How Peak Team Performance Can Be Reached by Focusing on Belonging

Can you recall a moment when you were travelling in a foreign country and ran across a fellow Canadian?

It’s an amazing moment, isn’t it?

You feel an instant connection, like you know this person.

Yet, in reality this fellow Canadian is just as much as a stranger as anyone else.

So, where does this feeling of connection come from?

Check it out on YouTube: An Undeniable Secret to Peak Team Performance

Belonging Makes Us Feel Connected to Others 

Everyone wants to feel like they belong. As Leary and Baumeister show in their 1995 study, our need to belong drives us. It controls our emotions, cognitions, and behaviours. 

As social beings, belongingness is essential to our wellbeing. Think about it, without being able to belong to social groups how would we have community, culture, or even society at all?

But how do we find belongingness among one another?

Related Study: [The need to belong: desire for interpersonal attachments as a fundamental human motivation by Leary & Baumeister]

We Find Belonging by Associating with Others

Choice assimilation is the process of choosing to adapt to the cultural norms of a group or nation. As shown by Brewer et al., assimilation has shown to be crucial within our evolutionary history as survival and security depended on being a part of a stable group.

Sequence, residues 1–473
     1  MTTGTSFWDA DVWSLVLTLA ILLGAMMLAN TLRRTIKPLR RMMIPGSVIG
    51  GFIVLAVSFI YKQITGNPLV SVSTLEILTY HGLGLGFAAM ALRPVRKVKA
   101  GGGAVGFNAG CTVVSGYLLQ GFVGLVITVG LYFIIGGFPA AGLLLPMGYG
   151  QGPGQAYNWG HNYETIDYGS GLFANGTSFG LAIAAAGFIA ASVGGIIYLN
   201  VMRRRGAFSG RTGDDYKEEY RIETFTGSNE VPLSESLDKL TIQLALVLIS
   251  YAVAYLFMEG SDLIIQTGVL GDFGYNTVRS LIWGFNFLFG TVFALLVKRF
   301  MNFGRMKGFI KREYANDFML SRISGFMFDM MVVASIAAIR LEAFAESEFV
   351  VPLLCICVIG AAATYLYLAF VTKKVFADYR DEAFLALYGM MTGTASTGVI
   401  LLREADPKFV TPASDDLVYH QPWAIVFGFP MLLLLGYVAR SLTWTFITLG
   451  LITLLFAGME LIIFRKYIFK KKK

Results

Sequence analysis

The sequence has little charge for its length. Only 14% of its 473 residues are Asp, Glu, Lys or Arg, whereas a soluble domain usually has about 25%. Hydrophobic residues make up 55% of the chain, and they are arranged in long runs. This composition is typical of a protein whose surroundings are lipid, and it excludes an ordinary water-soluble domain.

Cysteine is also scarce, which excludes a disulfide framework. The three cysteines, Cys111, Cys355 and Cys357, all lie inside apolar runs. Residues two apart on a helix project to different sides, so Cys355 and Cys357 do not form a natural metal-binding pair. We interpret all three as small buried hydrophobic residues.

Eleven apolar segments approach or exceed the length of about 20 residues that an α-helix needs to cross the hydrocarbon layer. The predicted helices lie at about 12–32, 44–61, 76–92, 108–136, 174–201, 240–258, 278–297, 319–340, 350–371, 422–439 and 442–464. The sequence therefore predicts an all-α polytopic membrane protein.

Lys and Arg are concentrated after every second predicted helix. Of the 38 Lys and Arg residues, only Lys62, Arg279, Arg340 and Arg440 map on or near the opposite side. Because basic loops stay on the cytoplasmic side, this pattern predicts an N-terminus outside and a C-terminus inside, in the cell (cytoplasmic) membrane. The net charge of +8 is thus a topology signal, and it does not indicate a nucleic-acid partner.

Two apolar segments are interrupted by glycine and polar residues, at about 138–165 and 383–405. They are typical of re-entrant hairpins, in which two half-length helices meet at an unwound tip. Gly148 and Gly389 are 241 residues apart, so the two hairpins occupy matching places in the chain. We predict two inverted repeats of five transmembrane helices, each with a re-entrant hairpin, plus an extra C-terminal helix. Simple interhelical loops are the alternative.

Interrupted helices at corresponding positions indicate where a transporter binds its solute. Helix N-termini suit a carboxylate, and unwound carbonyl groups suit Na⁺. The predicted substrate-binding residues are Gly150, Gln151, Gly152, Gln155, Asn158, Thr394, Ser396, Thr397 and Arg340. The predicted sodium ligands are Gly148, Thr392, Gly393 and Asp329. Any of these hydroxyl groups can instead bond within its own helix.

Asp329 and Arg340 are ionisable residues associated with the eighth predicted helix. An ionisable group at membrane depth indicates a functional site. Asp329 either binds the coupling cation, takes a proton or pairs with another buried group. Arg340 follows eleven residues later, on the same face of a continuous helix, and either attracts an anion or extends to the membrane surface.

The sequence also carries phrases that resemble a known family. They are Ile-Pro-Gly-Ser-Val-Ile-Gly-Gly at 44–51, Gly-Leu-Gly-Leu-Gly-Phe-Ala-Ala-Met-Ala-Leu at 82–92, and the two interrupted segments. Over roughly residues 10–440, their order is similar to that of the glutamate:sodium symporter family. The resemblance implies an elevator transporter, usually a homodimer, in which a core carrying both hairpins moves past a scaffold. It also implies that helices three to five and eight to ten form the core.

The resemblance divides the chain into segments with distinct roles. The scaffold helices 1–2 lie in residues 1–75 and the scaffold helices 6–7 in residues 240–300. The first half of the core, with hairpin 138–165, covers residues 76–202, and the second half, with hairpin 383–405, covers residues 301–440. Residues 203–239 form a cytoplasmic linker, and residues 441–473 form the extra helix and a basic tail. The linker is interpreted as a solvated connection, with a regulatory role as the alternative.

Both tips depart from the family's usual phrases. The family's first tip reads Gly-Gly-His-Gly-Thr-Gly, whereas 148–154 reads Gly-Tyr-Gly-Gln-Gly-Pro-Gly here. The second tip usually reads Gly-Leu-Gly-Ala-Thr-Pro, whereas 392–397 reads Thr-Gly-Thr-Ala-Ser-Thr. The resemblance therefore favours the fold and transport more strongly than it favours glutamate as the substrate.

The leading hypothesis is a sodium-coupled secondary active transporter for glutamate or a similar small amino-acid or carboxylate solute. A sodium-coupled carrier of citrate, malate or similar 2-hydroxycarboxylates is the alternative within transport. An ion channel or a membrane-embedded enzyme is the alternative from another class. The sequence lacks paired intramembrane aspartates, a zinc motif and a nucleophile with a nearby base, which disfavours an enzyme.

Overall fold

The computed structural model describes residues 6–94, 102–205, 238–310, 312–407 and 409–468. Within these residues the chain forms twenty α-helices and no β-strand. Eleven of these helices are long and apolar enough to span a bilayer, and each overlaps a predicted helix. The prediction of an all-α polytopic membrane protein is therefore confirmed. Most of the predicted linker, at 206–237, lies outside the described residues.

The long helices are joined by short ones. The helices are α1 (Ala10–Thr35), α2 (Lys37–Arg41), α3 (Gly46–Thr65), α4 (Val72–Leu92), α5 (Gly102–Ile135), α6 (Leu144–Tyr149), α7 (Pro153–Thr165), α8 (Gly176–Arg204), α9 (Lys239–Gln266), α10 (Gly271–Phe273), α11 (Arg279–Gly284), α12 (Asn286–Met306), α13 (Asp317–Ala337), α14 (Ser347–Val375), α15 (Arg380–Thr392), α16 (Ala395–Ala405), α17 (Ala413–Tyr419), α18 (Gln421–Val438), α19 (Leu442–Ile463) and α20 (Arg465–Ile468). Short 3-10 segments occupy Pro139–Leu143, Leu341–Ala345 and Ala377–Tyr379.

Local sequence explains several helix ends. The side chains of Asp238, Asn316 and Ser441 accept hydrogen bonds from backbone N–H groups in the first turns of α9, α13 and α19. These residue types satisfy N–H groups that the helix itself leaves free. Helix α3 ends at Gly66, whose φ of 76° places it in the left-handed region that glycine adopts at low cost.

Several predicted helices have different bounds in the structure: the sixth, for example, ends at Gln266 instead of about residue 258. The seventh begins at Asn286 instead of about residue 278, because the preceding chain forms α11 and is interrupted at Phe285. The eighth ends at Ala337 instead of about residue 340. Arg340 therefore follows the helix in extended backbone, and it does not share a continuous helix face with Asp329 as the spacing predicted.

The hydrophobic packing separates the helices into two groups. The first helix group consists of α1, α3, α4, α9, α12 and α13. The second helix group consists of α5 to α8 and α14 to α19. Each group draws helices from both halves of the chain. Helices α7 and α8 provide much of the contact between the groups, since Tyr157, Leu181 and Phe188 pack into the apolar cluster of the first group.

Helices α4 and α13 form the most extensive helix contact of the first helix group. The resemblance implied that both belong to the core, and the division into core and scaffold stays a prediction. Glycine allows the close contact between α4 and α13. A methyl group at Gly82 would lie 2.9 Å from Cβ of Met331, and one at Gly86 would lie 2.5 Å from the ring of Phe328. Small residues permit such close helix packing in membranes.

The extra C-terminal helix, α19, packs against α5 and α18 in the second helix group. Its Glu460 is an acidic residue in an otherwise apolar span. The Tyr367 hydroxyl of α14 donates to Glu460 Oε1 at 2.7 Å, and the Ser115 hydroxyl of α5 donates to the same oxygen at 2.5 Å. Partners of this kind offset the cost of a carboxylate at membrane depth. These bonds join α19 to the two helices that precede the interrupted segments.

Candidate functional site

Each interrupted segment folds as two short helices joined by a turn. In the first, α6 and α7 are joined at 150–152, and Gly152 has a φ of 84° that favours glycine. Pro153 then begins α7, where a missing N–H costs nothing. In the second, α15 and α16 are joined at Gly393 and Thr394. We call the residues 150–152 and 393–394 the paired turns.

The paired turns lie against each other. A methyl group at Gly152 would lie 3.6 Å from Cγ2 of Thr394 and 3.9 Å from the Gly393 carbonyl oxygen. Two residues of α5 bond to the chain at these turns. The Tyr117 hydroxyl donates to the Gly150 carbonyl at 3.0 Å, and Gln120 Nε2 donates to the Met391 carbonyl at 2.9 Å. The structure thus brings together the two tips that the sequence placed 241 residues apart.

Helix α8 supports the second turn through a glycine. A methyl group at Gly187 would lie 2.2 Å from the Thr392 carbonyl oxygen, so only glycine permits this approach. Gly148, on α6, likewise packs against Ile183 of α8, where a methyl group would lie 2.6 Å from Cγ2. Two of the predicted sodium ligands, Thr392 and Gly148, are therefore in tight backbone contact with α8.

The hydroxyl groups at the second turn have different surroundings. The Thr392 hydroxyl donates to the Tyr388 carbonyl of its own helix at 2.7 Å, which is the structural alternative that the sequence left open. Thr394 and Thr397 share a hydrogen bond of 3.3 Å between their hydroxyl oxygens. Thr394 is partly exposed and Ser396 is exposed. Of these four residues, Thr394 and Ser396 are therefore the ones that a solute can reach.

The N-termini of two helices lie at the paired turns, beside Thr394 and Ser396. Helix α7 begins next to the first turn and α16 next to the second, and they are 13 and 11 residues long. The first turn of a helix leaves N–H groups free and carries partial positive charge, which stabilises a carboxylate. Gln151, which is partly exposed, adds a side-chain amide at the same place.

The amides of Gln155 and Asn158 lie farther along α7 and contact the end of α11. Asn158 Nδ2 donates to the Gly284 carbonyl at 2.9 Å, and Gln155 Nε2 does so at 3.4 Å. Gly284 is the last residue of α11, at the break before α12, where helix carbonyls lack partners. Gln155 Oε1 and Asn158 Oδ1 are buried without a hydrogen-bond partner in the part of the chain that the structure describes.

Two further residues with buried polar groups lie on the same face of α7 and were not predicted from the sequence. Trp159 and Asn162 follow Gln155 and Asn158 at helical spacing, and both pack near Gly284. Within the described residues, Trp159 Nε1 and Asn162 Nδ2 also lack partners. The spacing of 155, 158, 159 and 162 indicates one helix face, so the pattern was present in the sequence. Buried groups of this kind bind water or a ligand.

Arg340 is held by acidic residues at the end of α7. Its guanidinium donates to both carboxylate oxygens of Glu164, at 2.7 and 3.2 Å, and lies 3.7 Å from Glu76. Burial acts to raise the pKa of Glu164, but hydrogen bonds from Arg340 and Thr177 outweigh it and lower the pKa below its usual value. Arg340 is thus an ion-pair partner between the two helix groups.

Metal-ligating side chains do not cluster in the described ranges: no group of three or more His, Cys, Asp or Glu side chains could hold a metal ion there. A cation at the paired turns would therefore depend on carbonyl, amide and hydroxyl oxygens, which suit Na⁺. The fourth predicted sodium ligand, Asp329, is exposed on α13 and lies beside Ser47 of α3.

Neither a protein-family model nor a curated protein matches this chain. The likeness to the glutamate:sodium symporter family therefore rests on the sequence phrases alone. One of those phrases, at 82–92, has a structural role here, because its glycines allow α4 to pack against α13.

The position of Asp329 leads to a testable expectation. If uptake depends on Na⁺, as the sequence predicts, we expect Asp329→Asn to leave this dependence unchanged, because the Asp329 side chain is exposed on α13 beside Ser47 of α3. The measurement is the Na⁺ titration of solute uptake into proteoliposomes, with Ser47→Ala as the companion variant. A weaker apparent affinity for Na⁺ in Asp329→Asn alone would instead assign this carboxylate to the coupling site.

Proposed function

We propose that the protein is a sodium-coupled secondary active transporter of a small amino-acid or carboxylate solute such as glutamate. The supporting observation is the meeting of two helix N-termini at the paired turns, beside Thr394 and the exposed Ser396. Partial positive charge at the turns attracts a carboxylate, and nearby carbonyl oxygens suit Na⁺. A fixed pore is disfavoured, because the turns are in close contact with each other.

And how can we create choice assimilation?

Related Study: [Optimal distinctiveness Theory: A Framework for Social Identity, Social Cognition and Intergroup Relations by Leonardelli, Picket and Brewer]

We Use Belonging Cues to Create Safe Places to Connect

Belonging cues are subtle hints that give us a sense that another person shares the same norms and values that we do. 

They can be as simple as visual signals like someone wearing the same jacket as your favourite sports team, or as complex as shared beliefs such as living in a democratic society.  

You see, although we all want to feel unique, as mentioned above, we also all have a need to belong. Our need to belong is best satisfied through associating ourselves with others which is achieved by belonging cues. So, our optimal sense of inclusion is found between differentiating ourselves, and using belonging cues to associate with others to achieve that “Goldylocks” feeling (as depicted in the graphic below)

* Image: Leonardelli, G. J., Pickett, C. L., & Brewer, M. B. (2010).

belonging cues are non-verbal cues that we all use to create connection and psychological safety within a group. Psychological safety is the ability to freely exhibit your ideas, opinions and abilities without fear of experiencing negative consequences to your job or self-esteem.  

This is important for managers because ….it is this greater connection and establishment of trust that makes up a great team. 

Related Reading: [Culture Code by Daniel Coyle]

So how do you establish this culture of belonging to elevate your team to the next level? 

I have three easy guidelines you can follow to create greater belonging within your team:

1. Create a Deep Connection